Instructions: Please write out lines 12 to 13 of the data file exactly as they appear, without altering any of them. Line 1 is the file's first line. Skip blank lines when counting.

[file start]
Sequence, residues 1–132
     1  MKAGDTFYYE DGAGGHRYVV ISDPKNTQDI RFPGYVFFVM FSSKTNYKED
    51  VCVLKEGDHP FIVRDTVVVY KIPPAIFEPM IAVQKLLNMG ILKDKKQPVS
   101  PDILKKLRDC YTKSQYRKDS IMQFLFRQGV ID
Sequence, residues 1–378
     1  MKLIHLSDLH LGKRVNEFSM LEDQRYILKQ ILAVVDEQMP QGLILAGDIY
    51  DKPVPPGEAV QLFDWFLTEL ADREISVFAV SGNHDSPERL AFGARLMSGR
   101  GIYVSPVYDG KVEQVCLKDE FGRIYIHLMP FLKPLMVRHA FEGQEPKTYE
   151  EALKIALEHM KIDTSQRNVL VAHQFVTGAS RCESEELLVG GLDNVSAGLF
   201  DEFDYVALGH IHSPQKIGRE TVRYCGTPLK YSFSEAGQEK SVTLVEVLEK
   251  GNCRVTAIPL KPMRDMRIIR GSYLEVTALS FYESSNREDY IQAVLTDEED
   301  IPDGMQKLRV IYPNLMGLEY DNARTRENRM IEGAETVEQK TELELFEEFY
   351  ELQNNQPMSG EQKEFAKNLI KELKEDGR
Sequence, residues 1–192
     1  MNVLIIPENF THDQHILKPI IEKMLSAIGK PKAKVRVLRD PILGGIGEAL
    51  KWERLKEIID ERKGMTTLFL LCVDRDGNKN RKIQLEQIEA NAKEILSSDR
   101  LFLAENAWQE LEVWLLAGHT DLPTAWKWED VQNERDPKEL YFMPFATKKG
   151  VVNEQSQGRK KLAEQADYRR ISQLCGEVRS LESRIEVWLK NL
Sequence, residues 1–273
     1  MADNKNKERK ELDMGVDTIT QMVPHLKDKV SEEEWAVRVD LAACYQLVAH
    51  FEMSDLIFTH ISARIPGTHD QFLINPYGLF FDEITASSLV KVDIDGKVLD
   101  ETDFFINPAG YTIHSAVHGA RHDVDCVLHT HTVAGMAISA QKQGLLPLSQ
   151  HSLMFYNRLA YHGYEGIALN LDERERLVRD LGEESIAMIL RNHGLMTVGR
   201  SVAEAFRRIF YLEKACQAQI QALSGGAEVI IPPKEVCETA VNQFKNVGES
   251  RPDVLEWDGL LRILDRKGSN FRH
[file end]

   301  IPDGMQKLRV IYPNLMGLEY DNARTRENRM IEGAETVEQK TELELFEEFY
   351  ELQNNQPMSG EQKEFAKNLI KELKEDGR